17. Schouls LM, Van De Pol I, Rijpkema SG, Schot CS. Detection and identification of Ehrlichia, Borrelia burgdorferi sensu lato, and Bartonella species in Dutch Ixodes ricinus ticks. J Clin Microbiol. 1999;37:2215–22.

    CAS  PubMed  PubMed Central  Google Scholar 

  18. Nijhof AM, Pillay V, Steyl J, Prozesky L, Stoltsz WH, Lawrence JA, et al. Molecular characterization of Theileria species associated with mortality in four species of African antelopes. J Clin Microbiol. 2005;43:5907–11.

    Article  CAS  PubMed  PubMed Central  Google Scholar 

  19. Bekker CPJ, De Vos S, Amar TO, Sparagano AE, Jongejan F. Simultaneous detection of Anaplasma and Ehrlichia species in ruminants and detection of Ehrlichia ruminantium in Amblyomma variegatum ticks by reverse line blot hybridization. Vet Microbiol. 2002;89:223–8.

    Article  CAS  PubMed  Google Scholar 

  20. Weisburg WG, Barns SM, Pelletier DA, Lane DJ. 16S ribosomal DNA amplification for phylogenetic study. J Bacteriol. 1991;173:697–703.

    Article  CAS  PubMed  PubMed Central  Google Scholar 

  21. Staden R, Beal KF, Bonfield JK. The Staden Package, 1998. In: Misener S, Krawetz SA, editors. Methods in molecular biology, vol. 132. Totowa, NJ: Humana Press; 2000. p. 115–30.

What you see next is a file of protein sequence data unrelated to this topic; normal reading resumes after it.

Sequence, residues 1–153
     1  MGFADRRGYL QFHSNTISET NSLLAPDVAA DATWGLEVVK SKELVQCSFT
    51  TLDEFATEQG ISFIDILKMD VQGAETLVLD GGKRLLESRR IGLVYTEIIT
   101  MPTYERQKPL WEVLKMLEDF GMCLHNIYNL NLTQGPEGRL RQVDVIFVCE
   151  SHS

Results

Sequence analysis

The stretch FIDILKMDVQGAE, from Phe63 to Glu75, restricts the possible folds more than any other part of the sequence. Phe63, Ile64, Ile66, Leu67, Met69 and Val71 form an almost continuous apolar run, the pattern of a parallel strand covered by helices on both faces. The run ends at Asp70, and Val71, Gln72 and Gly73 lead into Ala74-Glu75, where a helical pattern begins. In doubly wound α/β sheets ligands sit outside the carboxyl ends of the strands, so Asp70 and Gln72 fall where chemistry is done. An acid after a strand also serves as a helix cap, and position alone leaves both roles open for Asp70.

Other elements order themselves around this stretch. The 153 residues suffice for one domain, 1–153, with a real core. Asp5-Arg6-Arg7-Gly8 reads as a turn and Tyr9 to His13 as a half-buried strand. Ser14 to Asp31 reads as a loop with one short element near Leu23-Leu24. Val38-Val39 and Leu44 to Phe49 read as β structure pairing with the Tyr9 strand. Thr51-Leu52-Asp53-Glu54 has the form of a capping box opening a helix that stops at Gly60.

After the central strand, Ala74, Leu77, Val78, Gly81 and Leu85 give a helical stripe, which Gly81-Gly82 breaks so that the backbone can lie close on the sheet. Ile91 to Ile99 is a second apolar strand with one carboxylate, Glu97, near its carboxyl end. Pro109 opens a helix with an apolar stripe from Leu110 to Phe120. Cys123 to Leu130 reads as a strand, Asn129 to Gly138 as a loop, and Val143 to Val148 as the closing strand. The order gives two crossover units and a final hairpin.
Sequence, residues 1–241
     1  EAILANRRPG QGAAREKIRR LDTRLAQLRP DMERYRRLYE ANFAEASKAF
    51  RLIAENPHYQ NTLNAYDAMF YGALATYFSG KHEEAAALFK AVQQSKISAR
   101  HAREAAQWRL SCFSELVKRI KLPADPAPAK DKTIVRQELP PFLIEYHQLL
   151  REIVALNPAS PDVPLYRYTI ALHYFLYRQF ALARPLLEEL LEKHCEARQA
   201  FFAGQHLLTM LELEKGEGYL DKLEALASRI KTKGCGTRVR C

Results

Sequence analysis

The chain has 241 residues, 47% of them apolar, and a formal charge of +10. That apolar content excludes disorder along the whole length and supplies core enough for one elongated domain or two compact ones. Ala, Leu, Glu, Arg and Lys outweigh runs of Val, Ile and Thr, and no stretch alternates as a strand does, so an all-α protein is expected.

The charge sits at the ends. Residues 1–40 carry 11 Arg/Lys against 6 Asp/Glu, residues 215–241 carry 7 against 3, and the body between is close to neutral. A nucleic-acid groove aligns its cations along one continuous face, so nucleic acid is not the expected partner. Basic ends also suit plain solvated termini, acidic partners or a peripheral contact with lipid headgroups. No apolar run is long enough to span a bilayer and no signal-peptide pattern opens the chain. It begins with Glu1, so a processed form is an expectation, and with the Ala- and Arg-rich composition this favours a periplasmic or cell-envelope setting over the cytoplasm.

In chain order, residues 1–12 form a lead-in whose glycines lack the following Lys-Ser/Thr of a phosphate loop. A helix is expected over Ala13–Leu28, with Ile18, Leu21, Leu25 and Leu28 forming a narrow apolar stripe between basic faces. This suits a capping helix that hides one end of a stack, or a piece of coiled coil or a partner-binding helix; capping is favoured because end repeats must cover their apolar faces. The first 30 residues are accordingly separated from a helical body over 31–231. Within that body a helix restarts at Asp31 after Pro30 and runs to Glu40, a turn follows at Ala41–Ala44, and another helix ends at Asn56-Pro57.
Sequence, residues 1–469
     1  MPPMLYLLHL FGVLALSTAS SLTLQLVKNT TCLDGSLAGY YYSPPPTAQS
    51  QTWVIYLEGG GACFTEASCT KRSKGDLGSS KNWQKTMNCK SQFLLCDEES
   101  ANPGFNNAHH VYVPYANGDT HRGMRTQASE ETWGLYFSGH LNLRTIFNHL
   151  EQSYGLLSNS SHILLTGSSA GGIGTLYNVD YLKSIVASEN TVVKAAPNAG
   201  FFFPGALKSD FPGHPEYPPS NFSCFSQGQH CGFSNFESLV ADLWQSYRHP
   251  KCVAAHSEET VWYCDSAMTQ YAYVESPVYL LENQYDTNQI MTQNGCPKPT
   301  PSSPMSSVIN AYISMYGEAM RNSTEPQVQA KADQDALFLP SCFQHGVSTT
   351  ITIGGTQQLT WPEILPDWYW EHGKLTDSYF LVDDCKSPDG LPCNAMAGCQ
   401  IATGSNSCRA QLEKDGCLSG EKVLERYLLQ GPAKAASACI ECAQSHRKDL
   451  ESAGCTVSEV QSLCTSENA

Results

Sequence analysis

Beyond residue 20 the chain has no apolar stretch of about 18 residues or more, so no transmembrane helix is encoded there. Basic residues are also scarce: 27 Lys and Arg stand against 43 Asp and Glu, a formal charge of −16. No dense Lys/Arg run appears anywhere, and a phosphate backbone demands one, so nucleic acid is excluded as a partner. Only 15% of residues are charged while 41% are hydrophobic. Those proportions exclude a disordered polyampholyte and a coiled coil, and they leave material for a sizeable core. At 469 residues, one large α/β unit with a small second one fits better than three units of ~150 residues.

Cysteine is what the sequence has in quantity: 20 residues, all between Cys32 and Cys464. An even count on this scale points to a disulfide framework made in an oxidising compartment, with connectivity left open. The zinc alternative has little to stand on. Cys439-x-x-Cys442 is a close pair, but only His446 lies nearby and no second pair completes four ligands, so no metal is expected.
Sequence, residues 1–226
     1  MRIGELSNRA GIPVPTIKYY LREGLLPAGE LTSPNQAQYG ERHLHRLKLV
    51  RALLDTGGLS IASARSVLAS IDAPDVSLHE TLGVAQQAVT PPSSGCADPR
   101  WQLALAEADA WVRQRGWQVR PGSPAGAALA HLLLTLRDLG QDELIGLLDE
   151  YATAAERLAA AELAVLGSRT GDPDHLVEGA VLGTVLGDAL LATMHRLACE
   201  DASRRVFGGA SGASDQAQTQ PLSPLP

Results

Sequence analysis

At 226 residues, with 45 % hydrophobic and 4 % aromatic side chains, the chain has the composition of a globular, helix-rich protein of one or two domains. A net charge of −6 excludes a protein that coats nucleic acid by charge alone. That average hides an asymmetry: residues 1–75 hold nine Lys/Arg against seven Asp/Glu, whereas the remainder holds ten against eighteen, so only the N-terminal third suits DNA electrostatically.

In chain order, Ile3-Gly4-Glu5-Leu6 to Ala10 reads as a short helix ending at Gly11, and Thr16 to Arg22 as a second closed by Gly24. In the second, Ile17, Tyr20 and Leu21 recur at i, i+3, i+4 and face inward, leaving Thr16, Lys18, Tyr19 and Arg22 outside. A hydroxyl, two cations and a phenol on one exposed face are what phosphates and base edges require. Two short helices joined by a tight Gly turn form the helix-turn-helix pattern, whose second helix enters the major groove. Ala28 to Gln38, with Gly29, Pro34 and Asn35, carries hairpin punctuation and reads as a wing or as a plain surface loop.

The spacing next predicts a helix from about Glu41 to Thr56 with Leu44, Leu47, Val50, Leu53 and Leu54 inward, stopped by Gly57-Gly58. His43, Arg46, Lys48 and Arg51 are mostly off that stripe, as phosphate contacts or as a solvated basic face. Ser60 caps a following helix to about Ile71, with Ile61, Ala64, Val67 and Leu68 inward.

Google Scholar 

  22. Altschul SF, Gish W, Miller W, Meyers EW, Lipman DJ. Basic local alignment search tool. J Mol Biol. 1990;215:403–10.

    Article  CAS  PubMed  Google Scholar 

  23. Thompson JD, Gibson TJ, Plewniak F, Jeanmougin F, Higgins DG. The CLUSTAL_X windows interface: flexible strategies for multiple sequence alignment aided by quality analysis tools. Nucl Acids Res. 1997;25:4876–82.

    Article  CAS  PubMed  PubMed Central  Google Scholar 

  24. Hall TA. BioEdit: a user-friendly biological sequence alignment editor and analysis program for Windows 95/98/NT. Nucleic Acids Symp Ser. 1999;41:95–8.